This is a description of the algorithm used in the MetaMorph journal Coloc_003_02.jnl. The method gives two values showing the percentage of fluorescence (above a defined threshold) in each channel (of a two-channel z-stack image) that occupies the same volume (pixel by pixel) as fluorescence (above a defined threshold) in the other channel. (a) It is assumed that there is no significant bleed through between channels. (b) It is assumed images have been filtered to reduce any significant noise. (c) It is assumed that each pixel represents a sum of background + fluorescence. (d) The background distribution is obtained from a background region in each section: MeanB = background mean in each section averaged over all sections; STDB = background SD in each section averaged over all sections. (e) The fluorescence distribution is obtained over the whole image in each section: minimum = (MeanB + n × STDB); n = 3 (channel A) and 1 (channel B; selectable by user); maximum = highest intensity in image; MeanF = mean of fluorescence distribution averaged over all sections; STDF = SD of fluorescence distribution averaged over all sections. (f) A fluorescence threshold is used to include just the bright focal signal: ThresholdF = MeanF + m × STDF; m = 0.5 (all channels). (g) ThresholdF is subtracted from the image. (h) The two image channels are merged after subtracting each threshold. (i) A 2D region for colocalization measurement is drawn and applied to all sections. (j) The colocalization percentage is obtained within the defined region for each image: IA = total intensity of all pixels in channel A; IAB = total intensity of all pixels in channel A with nonzero values in channel B; IAB/IA × 100% = percentage of channel A overlying nonzero channel B intensity. (k) Colocalization of channel B on channel A is estimated as IBA, IB, and IBA/IB. (l) The colocalization percentage as a function of focus (z) is found for the entire stack: IAB(z)/IA(z) = colocalization percentage for section (z). (m) Threshold values and all the colocalization parameters are recorded in text files.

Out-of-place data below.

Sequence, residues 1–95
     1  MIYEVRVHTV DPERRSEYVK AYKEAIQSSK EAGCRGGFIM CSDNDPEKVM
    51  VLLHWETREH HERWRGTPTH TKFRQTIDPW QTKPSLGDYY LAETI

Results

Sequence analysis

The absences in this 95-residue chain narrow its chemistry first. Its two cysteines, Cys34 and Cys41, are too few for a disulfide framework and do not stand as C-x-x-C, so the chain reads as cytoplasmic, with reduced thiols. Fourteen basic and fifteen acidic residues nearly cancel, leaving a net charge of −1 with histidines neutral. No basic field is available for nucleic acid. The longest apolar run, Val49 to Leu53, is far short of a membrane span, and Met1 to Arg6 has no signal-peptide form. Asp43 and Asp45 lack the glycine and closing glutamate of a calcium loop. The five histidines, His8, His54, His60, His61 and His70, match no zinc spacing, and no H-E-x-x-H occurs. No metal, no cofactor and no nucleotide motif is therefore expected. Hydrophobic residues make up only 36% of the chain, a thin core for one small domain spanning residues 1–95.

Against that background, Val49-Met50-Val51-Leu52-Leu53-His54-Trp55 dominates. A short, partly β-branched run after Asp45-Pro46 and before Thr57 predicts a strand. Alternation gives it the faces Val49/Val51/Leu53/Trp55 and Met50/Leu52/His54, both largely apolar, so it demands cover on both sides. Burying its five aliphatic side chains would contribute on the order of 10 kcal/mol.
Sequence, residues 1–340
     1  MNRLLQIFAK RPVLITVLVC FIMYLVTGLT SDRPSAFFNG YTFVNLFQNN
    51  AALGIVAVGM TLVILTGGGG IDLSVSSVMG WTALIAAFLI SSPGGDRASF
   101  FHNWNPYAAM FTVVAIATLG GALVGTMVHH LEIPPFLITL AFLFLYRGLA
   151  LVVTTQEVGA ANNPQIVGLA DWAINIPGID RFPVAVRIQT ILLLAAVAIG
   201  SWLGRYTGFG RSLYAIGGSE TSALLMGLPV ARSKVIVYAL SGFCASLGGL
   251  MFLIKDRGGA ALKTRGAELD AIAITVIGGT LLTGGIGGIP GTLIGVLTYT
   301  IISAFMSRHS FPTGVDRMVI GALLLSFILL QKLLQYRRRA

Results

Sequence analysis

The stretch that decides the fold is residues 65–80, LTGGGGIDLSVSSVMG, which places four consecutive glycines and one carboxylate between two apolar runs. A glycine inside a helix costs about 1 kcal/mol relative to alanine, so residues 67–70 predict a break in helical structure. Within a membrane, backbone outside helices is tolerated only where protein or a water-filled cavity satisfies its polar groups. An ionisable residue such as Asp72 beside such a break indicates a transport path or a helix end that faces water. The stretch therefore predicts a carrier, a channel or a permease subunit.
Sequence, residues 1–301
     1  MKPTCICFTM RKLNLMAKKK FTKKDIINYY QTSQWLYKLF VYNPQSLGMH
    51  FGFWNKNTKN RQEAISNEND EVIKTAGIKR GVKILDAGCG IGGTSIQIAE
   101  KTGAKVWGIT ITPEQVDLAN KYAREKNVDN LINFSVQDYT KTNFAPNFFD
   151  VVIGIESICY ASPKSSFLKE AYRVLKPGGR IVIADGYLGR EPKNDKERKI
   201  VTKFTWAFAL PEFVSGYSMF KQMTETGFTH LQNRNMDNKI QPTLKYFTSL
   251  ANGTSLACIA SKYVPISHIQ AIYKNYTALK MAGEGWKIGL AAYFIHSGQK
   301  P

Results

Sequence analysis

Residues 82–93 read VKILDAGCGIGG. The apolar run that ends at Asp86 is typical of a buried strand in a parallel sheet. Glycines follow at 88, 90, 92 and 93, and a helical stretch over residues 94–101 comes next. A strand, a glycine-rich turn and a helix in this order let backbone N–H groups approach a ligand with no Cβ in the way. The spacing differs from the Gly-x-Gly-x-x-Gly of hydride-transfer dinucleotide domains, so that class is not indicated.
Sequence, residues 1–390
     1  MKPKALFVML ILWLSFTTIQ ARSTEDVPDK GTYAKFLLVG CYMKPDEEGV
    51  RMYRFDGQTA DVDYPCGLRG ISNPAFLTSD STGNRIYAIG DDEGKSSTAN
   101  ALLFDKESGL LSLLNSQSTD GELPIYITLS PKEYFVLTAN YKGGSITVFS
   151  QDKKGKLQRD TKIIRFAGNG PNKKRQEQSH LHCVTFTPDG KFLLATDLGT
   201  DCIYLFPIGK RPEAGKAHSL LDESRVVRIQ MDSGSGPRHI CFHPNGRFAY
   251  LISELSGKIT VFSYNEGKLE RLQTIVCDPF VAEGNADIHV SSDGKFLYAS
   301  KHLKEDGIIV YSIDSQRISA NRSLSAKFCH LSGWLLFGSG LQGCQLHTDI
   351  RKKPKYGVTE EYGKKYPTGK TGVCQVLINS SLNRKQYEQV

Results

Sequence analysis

MetaMorph wound-healing macro